You've been busy getting ready for your small claims case practically since the day it was filed. All of your cancelled checks, receipts and photographs are organized and ready for the judge to look at, and you've arranged for all of your witnesses to be in the courtroom. You're finally ready for the New Hampshire small claims court to decide who wins and loses.
Now's a good time to get an idea of what happens after the small claims trial is over. What can you do if you win? What if you lose? Whether you're the plaintiff (the person who filed the lawsuit) or the defendant (the person who's being sued), you should know about some of your options.
After hearing all of the testimony and seeing all of the evidence, the judge will make a decision in the case, that is, declare who won. The decision is called a judgment. The judge may announce the decision:
- Immediately at the end of the case, and either give each party a copy of the judgment before they leave the courthouse or have it sent it to them in the mail
- After taking some time to think about the case and all of the evidence. This is called taking the case "under consideration" or "under advisement." The court clerk will mail a copy of the decision to each party later
Technically, the case is over when the judge makes a decision and it's entered into the court records by the court clerk. However, while the case may be over, you may still have some work to do, depending on whether either party thinks the judge made a mistake or whether the winner gets paid.
Not Happy about the Judgment?
Win or lose, you may have some options if you don't like the way the case turned out:
This is when you ask a higher court to look at the case because you think the judge made a mistake. In New Hampshire, either the plaintiff or the defendant may appeal. So, if you're the plaintiff and you won, the defendant may appeal; if you think the judge should have awarded you more money, then you may appeal. Appeals are heard by the New Hampshire Supreme Court.
You have to file an appeal within 30 days after the judgment was made, and you do this by filling a Notice of Appeal with the clerk of the supreme court. Basically, this form tells the court, and the other party, why you think the judge of the small claims court made a mistake and what you want the supreme court to do. For example, you may want the court to award you more money or to decide that you don't owe anything at all. When you file the Notice, you have to pay a $150 filing fee. The Clerk of the Supreme Court can get you the forms you need to file an appeal, or you can get one online.
An appeal can be a complex matter. It's a lot more formal than the small claims trial, and more complicated court rules apply. It's a good idea to talk to an attorney if you're thinking about filing an appeal.
Relief from Judgment
The plaintiff or the defendant can file a motion for relief from judgment or "motion for relief," which essentially asks the court for a new trial. This is commonly used when the defendant wants the judge to void or "vacate" a default judgment - a judgment for the plaintiff that was entered because the defendant failed to show up for trial. Another common example is when a plaintiff's case was dismissed because he didn't show up for trial. In the motion he'll ask the judge to vacate the dismissal so that he can continue the case against defendant.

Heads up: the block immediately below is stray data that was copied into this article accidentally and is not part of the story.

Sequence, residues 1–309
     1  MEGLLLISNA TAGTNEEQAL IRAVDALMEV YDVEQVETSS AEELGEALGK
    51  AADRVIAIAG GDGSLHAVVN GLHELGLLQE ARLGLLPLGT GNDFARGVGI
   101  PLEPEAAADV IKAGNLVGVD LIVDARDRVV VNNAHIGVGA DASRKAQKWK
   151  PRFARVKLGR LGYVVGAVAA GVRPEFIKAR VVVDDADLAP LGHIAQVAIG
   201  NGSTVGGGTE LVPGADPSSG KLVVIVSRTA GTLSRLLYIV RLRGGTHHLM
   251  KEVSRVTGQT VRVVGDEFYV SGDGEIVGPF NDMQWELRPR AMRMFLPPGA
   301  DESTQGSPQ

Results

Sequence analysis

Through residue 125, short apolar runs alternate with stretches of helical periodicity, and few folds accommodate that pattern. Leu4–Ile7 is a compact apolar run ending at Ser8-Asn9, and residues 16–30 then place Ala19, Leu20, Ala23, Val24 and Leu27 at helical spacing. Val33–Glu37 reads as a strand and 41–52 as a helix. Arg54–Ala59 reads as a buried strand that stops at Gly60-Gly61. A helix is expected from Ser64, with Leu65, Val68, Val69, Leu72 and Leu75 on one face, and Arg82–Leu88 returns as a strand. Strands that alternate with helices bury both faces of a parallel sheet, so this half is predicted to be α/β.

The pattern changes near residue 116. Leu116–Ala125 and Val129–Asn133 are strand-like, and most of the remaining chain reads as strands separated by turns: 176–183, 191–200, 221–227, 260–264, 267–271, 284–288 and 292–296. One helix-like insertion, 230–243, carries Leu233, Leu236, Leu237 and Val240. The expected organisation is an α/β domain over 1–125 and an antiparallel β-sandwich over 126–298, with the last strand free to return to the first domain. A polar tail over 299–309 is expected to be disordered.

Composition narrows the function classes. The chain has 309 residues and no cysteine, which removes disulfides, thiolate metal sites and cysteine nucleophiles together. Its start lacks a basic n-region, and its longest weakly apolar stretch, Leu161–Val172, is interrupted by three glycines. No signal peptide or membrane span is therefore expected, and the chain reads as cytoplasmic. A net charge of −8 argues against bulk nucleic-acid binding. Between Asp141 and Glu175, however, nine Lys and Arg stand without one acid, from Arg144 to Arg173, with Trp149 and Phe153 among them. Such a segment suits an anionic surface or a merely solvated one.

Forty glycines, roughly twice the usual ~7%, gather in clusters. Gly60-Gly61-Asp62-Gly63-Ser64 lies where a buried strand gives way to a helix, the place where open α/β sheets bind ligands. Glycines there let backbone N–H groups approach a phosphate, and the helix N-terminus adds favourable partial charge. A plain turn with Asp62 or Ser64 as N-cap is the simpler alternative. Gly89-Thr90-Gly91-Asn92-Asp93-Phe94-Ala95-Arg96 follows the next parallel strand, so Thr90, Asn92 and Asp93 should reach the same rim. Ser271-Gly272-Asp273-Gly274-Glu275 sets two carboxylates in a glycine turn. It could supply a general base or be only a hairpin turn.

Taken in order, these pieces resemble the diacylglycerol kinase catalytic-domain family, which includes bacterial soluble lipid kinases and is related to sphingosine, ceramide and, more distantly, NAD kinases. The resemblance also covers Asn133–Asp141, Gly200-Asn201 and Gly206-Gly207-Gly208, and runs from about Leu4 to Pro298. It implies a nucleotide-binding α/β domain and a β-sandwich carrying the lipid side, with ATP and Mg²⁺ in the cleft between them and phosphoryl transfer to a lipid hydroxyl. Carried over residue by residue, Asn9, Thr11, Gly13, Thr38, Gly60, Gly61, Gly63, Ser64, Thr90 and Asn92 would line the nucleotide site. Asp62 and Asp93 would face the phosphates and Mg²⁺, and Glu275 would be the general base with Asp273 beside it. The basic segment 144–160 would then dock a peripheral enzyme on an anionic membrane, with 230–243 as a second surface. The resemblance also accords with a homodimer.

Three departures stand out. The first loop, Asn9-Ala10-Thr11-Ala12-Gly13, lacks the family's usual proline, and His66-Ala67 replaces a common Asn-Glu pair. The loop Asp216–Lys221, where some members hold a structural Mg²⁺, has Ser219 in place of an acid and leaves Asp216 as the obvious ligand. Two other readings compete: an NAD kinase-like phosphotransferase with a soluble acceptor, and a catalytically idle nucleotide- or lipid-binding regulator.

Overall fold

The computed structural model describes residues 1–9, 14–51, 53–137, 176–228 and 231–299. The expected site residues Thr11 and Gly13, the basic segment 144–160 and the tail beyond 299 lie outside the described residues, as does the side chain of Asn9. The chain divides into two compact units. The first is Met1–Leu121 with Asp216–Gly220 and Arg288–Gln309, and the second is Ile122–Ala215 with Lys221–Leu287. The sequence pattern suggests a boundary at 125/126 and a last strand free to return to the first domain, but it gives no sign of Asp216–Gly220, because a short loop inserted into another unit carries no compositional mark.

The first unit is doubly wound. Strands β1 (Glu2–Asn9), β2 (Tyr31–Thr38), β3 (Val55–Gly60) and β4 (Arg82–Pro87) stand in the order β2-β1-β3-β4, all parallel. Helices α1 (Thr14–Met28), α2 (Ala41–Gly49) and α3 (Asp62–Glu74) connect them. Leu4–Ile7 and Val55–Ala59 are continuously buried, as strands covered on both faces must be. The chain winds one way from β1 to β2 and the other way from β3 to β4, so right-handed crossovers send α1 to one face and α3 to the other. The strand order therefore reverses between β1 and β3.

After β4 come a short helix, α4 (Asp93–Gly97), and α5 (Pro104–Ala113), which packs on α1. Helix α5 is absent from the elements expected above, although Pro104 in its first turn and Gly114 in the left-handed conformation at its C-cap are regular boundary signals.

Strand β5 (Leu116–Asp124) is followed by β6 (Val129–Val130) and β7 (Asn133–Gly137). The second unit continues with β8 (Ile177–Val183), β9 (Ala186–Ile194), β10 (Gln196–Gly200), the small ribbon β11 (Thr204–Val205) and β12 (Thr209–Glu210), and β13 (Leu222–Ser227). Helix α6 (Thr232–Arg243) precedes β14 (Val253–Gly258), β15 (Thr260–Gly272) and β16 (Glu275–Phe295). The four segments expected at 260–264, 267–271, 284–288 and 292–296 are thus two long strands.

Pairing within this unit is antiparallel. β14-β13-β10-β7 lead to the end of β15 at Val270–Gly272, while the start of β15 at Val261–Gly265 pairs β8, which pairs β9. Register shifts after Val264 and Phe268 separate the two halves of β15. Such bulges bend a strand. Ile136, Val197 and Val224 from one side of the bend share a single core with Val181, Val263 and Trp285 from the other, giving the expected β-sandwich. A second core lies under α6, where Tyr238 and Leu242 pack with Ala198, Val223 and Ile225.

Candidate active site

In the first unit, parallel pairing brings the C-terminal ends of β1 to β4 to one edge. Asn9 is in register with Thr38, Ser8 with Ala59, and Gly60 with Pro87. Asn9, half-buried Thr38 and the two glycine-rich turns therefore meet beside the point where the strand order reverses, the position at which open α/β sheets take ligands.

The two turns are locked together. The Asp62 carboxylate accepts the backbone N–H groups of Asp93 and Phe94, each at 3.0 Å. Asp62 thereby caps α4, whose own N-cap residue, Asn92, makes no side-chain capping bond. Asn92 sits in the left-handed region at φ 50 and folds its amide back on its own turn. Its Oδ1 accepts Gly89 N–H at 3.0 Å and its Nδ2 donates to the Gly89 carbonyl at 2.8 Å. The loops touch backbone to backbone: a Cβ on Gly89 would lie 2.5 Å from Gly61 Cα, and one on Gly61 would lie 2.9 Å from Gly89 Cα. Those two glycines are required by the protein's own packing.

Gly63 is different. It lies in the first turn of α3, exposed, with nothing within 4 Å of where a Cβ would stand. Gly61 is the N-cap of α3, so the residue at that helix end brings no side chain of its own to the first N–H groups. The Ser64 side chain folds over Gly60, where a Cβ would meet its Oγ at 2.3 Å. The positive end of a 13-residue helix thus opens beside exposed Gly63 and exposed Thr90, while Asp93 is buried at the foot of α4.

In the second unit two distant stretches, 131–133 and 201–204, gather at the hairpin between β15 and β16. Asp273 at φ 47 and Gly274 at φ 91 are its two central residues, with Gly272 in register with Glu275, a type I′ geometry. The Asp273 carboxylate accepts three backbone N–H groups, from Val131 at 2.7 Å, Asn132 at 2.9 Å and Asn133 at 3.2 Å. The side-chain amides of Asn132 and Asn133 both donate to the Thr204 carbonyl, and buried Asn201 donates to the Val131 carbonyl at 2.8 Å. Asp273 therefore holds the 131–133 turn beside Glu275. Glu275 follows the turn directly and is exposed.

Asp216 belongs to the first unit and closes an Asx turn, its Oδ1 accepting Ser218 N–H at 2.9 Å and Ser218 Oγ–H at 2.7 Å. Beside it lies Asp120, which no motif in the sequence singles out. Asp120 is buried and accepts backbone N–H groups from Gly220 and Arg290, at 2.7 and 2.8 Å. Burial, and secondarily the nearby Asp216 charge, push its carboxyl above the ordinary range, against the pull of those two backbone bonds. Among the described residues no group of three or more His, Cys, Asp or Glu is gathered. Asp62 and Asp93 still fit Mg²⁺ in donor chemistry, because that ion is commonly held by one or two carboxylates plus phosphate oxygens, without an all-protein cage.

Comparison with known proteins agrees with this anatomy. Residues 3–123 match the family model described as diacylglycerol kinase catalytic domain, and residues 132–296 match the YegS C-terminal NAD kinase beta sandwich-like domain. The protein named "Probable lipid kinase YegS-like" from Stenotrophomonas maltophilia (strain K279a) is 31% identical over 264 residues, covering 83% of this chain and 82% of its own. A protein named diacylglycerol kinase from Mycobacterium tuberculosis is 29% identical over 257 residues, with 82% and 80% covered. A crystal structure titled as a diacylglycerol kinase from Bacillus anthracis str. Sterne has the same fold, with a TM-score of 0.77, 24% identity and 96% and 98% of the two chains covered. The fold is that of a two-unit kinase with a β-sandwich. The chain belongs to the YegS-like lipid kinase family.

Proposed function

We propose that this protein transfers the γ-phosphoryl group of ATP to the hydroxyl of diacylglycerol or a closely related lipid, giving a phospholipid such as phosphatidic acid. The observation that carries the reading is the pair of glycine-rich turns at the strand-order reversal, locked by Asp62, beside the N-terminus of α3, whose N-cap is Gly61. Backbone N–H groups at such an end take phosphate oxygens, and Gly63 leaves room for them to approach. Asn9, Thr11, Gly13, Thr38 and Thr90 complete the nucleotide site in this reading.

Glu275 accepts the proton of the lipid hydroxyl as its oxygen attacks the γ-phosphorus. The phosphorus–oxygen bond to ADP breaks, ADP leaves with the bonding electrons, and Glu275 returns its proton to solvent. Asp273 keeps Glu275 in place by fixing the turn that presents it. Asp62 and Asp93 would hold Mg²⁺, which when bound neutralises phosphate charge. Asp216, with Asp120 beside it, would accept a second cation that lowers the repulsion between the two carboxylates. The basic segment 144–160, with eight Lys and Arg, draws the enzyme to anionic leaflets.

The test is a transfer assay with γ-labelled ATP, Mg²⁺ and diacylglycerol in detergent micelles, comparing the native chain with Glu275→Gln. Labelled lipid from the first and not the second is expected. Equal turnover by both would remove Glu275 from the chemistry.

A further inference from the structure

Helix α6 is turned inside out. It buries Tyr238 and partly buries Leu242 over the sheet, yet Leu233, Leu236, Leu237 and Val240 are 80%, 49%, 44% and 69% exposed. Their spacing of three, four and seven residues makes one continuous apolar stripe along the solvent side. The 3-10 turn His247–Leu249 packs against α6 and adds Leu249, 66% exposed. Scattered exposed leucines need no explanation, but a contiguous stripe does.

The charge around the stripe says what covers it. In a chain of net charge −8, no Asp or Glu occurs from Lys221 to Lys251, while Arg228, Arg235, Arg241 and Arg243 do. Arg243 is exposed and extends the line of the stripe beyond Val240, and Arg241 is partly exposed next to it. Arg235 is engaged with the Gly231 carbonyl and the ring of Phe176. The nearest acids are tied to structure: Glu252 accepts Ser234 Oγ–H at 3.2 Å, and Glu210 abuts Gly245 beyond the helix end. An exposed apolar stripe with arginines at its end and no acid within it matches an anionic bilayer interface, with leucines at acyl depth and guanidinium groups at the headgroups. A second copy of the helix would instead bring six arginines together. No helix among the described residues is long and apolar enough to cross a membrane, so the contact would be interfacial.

To be successful on this type of motion, you need to "show cause," that is, have a good reason that justifies a new trial. Some examples of good cause include:
- Showing that you were unable to attend the first trial because of an emergency, such as illness
- You've discovered new evidence that wasn't available when the first trial took place
- You actually paid the plaintiff's claim or damages before the trial, or the plaintiff released you from liability on the claim
If you're the plaintiff and you win the case (or if you're the defendant and you win on counterclaim), and the judge orders the defendant to pay all or some of your claim, you need to begin collection efforts if the defendant doesn't pay you as ordered in the judgment. This may include having to appear at one or more hearings and possibly even taking some of the defendant's property and belongings. This can be a long and complicated process that may require the help of an attorney.
Questions for Your Attorney
- I sued my landlord and the judge ordered him to return $800 of my $1,200 security deposit. I think I should have gotten all of it. Should I appeal?
- I won my small claims case and the defendant filed a Notice of Appeal. Can I challenge or fight his request for an appeal? I don't think he has a good reason for the appeal.
- Can I file a counterclaim against the plaintiff when I appeal judgment that was entered against me in small claims court?